TIRF, an optical sectioning technique, uses an established law of physics to improve biological imaging within the first 200 nm of the sample.

When light passes from a medium of high refractive index to a medium of low refractive index and the angle of incidence is greater than or equal to the critical angle, the light will reflect off the interface and not actually enter the second medium. The excitation light then reflects within the coverslip, creating an evanescent wave that propagates along the surface of the glass. One challenge with this approach is that any defects in the sample where the light passes, including dirt or dust on the coverslip, can result in an uneven TIRF illumination field, resulting in poor sample excitation. Ring TIRF on the other hand utilizes a “ring” of laser light creating an evanescent wave plane that is generated from multiple sides, producing a more even TIRF field and improved sample illumination.

Benefits

  • TIRF imaging results in image data with enhanced image contrast and axial (Z) resolution at a super-resolution scale (< 200 nm).
  • Ring TIRF design delivers a significant improvement over traditional TIRF techniques as it removes interference fringes and provides a highly uniform TIRF excitation field that optimally illuminates the cell structure.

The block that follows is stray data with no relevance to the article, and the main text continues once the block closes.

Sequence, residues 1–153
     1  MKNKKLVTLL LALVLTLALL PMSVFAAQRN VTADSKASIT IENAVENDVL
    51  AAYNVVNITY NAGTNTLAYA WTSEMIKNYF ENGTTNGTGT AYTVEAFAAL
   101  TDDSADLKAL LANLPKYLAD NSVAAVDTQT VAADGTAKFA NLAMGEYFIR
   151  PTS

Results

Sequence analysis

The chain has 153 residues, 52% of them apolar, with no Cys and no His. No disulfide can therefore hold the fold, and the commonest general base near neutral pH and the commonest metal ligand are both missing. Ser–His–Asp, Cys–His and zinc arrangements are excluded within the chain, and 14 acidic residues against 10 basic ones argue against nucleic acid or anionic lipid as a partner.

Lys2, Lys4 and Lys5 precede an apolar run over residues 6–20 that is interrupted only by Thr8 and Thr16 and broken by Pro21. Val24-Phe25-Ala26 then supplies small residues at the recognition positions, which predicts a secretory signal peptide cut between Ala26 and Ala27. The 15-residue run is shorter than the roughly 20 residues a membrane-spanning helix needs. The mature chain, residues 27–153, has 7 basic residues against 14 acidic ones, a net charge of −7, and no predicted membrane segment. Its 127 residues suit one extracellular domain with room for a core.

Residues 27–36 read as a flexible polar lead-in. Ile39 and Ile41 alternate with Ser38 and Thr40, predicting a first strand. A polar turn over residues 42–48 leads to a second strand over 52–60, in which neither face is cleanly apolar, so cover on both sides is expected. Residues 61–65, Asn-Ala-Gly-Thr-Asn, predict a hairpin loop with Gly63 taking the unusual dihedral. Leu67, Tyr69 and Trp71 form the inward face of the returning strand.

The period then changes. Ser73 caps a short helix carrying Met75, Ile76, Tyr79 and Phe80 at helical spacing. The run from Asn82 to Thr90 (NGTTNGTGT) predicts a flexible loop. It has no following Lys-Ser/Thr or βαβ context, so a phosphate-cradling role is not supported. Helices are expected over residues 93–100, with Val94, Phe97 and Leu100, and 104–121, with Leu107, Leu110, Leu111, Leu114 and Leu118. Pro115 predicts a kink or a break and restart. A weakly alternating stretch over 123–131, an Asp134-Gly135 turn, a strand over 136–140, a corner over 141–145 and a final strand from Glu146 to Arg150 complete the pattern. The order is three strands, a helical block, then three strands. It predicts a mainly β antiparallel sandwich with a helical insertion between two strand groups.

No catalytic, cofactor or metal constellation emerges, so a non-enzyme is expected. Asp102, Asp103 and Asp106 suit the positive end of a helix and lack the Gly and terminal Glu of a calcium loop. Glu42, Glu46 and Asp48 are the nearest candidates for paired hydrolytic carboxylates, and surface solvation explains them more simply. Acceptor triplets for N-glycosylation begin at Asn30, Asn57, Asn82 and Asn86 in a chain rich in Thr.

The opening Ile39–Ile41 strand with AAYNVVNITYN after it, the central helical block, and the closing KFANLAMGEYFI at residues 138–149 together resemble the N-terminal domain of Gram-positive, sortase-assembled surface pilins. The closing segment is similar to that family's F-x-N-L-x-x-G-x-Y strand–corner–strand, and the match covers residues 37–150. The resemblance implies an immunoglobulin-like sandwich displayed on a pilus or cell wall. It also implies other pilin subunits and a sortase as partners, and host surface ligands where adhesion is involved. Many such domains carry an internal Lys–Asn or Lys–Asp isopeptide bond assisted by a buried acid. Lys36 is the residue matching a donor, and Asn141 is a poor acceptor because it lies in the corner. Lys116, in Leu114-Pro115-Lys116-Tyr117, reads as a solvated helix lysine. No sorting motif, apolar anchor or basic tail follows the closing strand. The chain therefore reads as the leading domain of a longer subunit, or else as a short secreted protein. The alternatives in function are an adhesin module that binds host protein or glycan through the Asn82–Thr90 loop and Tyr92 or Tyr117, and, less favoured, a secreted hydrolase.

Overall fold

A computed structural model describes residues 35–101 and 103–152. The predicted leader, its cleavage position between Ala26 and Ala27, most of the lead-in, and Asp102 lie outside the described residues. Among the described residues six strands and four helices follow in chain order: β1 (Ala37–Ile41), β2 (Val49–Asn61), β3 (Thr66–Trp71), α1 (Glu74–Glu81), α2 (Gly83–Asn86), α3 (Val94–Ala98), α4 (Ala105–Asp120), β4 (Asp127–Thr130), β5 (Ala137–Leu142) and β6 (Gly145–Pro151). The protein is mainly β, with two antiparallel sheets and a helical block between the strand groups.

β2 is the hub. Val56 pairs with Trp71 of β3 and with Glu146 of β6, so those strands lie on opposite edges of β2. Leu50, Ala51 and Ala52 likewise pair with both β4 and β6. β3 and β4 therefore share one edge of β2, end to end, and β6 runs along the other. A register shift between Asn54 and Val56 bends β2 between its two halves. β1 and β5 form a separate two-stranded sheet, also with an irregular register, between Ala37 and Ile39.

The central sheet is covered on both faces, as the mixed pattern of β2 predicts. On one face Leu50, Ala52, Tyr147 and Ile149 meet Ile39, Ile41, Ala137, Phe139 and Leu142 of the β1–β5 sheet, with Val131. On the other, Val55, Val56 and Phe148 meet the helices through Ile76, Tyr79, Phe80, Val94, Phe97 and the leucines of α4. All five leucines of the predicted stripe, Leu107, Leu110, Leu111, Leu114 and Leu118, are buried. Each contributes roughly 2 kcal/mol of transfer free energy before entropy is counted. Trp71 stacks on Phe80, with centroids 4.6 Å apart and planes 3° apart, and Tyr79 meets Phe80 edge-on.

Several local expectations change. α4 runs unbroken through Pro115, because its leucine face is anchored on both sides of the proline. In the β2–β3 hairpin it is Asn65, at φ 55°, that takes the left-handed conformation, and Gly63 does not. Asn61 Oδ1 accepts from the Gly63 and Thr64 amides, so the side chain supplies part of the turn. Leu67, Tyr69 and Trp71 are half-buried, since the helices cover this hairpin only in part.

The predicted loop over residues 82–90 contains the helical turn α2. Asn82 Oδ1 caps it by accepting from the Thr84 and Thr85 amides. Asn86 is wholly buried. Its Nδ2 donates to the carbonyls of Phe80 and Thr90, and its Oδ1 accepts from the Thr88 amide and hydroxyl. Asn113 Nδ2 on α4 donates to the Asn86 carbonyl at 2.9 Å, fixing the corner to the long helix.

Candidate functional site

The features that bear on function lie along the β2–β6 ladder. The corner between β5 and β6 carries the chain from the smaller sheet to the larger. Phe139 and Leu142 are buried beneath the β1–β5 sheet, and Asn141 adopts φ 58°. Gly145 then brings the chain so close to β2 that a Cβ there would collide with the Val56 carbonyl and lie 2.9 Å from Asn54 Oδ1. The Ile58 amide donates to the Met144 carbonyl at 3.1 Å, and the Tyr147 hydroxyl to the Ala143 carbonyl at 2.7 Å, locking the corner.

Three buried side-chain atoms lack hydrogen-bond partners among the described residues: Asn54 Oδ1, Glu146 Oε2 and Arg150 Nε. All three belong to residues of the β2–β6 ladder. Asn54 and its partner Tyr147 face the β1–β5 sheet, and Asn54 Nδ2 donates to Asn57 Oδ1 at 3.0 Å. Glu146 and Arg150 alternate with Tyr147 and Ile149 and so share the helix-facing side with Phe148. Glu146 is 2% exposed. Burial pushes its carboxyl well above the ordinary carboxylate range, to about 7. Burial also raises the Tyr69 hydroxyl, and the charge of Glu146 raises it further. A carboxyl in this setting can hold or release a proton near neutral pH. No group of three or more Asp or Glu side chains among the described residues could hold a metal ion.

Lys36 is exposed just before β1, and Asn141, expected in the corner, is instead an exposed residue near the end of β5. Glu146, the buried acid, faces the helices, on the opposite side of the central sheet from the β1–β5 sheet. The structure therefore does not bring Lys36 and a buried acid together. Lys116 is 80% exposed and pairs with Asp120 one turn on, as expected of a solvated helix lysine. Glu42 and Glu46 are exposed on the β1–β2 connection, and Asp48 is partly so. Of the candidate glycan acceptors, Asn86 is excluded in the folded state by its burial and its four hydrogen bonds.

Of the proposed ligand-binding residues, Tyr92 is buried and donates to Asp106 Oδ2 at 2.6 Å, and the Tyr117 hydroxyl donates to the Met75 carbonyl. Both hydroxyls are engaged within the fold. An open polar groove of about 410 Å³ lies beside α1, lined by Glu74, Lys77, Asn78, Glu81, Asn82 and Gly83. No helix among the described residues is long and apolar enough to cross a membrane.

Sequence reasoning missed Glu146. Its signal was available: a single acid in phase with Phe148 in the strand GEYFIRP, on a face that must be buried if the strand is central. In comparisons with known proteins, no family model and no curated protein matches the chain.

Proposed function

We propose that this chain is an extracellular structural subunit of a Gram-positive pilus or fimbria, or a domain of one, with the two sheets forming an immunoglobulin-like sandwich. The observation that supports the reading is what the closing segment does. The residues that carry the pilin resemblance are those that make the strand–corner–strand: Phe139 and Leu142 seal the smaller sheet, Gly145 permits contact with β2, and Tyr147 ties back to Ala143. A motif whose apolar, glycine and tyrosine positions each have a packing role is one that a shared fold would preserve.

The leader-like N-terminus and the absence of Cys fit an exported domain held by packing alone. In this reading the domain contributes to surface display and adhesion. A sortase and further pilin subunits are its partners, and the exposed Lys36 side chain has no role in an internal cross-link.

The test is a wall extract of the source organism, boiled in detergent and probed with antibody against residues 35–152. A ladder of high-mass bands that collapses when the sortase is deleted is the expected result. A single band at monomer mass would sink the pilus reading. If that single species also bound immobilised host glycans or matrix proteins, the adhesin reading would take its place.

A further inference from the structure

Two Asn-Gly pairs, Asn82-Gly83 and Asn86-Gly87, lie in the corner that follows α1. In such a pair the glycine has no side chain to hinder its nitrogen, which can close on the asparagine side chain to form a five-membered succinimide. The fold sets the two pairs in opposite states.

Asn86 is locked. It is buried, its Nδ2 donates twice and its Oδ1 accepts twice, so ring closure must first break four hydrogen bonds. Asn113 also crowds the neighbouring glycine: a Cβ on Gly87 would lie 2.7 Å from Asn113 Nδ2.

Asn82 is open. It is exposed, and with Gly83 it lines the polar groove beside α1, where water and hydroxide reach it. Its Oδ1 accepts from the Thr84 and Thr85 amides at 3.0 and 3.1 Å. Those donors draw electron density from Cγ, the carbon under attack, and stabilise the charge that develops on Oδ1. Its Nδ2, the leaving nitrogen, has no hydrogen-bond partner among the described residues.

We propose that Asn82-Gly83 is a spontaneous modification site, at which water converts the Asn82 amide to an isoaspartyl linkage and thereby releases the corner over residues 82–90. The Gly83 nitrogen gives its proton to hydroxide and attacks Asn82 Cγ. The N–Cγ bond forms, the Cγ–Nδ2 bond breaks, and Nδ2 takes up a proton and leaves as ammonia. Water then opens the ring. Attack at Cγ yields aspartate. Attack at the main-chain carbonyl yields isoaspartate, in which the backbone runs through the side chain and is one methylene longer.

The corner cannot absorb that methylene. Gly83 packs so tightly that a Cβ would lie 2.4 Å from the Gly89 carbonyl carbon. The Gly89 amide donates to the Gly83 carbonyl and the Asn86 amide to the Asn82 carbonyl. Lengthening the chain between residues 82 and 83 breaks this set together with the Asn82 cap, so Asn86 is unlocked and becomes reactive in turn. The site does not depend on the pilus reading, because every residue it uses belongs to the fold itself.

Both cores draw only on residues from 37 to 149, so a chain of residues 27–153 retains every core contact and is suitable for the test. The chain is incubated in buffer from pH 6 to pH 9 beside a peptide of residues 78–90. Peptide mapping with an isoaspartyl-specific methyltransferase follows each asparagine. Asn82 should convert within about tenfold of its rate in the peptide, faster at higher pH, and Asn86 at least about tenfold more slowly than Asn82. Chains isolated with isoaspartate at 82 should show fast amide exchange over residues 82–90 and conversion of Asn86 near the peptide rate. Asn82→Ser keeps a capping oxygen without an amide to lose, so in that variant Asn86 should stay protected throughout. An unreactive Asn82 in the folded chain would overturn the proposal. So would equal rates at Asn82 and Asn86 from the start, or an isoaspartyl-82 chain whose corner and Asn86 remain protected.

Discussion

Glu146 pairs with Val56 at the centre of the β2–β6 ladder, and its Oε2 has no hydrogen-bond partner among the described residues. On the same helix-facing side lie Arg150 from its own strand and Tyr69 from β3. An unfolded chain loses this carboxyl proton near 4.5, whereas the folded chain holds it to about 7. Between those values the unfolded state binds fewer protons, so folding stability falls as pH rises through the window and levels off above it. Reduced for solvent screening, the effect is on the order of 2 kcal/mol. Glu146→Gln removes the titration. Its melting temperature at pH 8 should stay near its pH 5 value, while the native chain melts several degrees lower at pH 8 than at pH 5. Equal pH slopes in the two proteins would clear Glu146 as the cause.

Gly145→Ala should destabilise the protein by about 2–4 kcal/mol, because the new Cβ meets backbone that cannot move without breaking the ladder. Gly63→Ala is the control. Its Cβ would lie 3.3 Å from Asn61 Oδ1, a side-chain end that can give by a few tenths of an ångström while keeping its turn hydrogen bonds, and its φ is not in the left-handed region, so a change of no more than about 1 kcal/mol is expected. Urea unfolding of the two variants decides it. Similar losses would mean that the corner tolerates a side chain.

• High speed galvanometer-controlled beam steering module, 300 Hz rotation speed.
  • TIRF depth for each excitation wavelength optimized easily by adjusting the diameter of the ring.
  • Photokinetic event added easily within any TIRF experiments with just milliseconds between PK event and image acquisition.


Filopodia captured by time-lapse RING TIRF

U2-OS cells expressing BiFC and LifeAct, scale bar 5 μm capured in RING TIRF, Lagarrigue, et. al. Nature Communications, 2015. See Creative Commons attribution at bottom of page.

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Title: A RIAM/lamellipodin-talin-integrin complex forms the tip of sticky fingers that guide cell migration
Authors: F. Lagarrigue, P. Anekal, H. Lee, A. Bachir, J. Ablack, A. Horwitz, M. Ginsberg
Source: https://www.nature.com/articles/ncomms9492
Modification: Cropped
License: CC BY 4.0, http://creativecommons.org/licenses/by/4.0/